Our first Scripture reading from Revelation points to the attraction that violence has for some Christians. Many of us love Revelation's strange imagery of a New Jerusalem: a city made with precious jewels, shining with divine light, and containing the tree of life. But there are also images of extreme violence in it: the four horsemen of the Apocalypse, winged lions, earthquakes, plagues, and painful death for most people.

Revelation was written by a Christian named John about 60 years after Jesus' resurrection.  As a disciple of Jesus, John suffers in prison at the hand of the Romans. He knows the injustice of Empire first hand. In response to his hardships, he writes what is perhaps the most violent work ever to be canonized as Holy Scripture.

The only hint of that violence in the short reading we heard today is the phrase "all the tribes of the earth will wail." But what follows in Revelation are horrific descriptions of war and mass killings.

Revelation, for all that we might love about it, shows that violence appeals to some who love God. When we feel inspired by God's love and are also aware of the terrible injustices of the world, we may be tempted to take the shortcut of violence to try to reach God's promised new Jerusalem.

Jesus on the road to Emmaus points to a better way, I believe. As he walks with the two disciples, Jesus explains the connections between the Hebrew Scriptures and his own death and resurrection. He shows them how the defeat of God and the dashing of Israel's hopes can  lead to the resurrection of Love. Finally, he reveals himself in the breaking of bread.

At the Last Supper the week before, Jesus had given his friends the sacrament of communion. In sharing bread and wine with friends and in giving thanks to God we experience the Risen Christ.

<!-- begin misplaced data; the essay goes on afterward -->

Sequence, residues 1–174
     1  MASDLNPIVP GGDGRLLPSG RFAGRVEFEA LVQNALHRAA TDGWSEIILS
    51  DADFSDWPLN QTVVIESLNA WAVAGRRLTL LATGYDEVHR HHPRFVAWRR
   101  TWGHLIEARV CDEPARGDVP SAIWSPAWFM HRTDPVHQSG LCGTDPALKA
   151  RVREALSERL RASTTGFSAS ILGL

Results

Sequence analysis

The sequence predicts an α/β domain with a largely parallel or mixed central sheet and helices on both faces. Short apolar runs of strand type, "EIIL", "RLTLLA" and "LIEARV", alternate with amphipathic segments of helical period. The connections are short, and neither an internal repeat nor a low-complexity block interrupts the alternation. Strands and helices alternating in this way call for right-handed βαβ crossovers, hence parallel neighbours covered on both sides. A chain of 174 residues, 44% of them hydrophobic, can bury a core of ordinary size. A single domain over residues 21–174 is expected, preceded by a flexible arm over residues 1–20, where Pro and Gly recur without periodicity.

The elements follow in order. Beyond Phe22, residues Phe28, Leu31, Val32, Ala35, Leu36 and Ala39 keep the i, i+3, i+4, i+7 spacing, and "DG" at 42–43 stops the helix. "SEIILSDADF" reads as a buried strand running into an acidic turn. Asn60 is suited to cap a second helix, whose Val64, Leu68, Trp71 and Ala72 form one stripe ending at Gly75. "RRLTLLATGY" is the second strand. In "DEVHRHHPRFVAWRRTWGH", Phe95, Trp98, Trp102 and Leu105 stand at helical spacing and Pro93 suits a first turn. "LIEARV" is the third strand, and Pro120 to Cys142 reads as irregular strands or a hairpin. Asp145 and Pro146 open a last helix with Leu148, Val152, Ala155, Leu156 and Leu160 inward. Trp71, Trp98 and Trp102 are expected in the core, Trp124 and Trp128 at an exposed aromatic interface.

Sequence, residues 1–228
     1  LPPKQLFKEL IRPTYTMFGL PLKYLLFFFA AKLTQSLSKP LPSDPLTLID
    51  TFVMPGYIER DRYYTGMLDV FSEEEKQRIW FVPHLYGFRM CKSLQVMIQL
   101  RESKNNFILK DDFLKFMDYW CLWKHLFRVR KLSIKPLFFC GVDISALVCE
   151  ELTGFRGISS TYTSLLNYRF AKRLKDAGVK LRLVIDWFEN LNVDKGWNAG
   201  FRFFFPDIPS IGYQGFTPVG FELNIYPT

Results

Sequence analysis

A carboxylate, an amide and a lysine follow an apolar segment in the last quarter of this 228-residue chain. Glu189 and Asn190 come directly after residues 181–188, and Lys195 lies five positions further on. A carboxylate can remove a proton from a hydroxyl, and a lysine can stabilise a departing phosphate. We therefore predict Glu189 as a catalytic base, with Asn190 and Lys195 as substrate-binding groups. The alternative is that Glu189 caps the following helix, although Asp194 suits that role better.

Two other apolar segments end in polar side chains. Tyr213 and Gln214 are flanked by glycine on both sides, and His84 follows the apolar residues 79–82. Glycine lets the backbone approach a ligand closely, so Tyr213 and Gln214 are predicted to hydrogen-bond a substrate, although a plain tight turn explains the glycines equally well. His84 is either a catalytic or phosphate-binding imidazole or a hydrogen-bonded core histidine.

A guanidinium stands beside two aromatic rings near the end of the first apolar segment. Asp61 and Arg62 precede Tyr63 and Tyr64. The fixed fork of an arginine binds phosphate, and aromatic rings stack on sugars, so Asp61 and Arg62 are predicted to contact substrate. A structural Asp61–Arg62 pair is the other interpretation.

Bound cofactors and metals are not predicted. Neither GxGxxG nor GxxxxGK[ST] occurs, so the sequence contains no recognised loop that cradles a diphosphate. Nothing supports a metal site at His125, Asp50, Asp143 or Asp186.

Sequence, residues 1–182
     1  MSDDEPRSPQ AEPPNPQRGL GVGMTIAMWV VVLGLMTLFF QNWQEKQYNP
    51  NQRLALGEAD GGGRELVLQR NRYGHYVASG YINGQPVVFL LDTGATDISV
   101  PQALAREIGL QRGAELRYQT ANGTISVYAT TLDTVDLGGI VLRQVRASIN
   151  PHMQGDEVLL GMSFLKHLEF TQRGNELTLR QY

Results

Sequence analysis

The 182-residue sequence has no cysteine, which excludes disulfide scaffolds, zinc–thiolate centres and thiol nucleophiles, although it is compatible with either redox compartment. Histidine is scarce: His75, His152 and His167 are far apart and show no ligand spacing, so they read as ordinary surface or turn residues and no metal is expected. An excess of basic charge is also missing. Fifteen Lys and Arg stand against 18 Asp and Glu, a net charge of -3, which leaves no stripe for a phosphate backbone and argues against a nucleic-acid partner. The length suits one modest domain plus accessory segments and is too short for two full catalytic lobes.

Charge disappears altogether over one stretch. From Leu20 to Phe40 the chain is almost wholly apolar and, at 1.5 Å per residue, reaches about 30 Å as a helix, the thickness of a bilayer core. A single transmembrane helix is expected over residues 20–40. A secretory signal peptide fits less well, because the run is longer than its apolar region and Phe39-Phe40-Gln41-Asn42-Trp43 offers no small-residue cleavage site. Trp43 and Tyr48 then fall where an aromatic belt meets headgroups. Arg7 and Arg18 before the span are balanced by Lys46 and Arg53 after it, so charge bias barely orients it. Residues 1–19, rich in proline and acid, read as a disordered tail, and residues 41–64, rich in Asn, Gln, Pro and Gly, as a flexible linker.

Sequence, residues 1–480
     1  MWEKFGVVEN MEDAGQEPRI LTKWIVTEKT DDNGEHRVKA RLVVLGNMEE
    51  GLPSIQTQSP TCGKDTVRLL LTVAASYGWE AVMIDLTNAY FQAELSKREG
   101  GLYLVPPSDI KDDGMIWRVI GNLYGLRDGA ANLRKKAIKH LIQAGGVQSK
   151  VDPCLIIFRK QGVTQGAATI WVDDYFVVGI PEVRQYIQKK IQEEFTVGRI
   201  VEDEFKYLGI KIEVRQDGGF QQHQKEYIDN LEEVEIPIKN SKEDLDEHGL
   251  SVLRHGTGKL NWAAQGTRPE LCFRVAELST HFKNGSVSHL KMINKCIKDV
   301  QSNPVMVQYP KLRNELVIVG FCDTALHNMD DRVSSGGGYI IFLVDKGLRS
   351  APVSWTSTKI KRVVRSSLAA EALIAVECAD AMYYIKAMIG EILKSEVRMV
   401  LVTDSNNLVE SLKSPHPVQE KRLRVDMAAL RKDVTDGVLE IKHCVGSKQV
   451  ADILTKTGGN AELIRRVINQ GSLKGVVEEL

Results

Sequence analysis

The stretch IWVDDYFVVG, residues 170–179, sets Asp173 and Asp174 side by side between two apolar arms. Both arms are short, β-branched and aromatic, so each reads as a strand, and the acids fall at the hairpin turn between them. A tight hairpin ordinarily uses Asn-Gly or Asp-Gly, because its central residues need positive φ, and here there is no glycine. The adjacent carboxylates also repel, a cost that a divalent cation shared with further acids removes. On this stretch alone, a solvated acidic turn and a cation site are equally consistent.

Christ is best revealed not in the fantastical visions of war and death found in Revelation. Christ is revealed while breaking bread at table. In this humble and common activity, we experience the flame of God within and between us.

Experiencing God at the communion table may inspire us to resist injustice. But holy communion also reminds us that Jesus did not lead an army against Rome. Instead, he sacrificed himself on the cross in solidarity with all who bear our cross . . .

Now, despite what I have said so far, I don't worry that many young Canadians will become violent fanatics. The reality for most young people today is a lack of enthusiasm and engagement much more than it is religious or political fanaticism.

Think for instance of the nine young people who were confirmed in Fife Lake and Coronach last May. To be frank, I would be surprised if any of them show up in church again before they graduate from high school.

But regardless of their attachment to the church, we can be sure that they, like any of us, will experience God throughout their lives. When they draw a connection between such moments and Christ, I trust that it will be with the Christ as revealed at the Lord's Table and not with the warrior Christ of Revelation.

Three young men in London Ontario came to know and love God in high school. Unfortunately, they used the inspiration of this conversion to follow a disastrous path of violence.

John, the author of Revelation, came to know and love God in one of the early Christian communities. Unfortunately, he used his inspiration to imagine war as the way of Christ.

In contrast to this, our meals at the Lord's Table remind us of Jesus' path of peace. They remind us that God's Love is found in simple acts of hospitality. They remind us that we can resist injustice through acts of love and not through acts of violence.

Moments when God is reavealed can be powerful and and hence dangerous. But when we allow our hearts to be broken open in a meal of bread and wine that reminds us of Jesus' sacrifice and love, we avoid the dangers. We remain followers of Christ without succumbing to the violence of crusades or conquests and without the need of the violent images found in Revelation.

In a few minutes, we will gather again around the Lord's Table. In this simple meal, we will experience God. It will be a taste a love that renounces violence even as it points to lives and our world transformed.

Thanks be to God.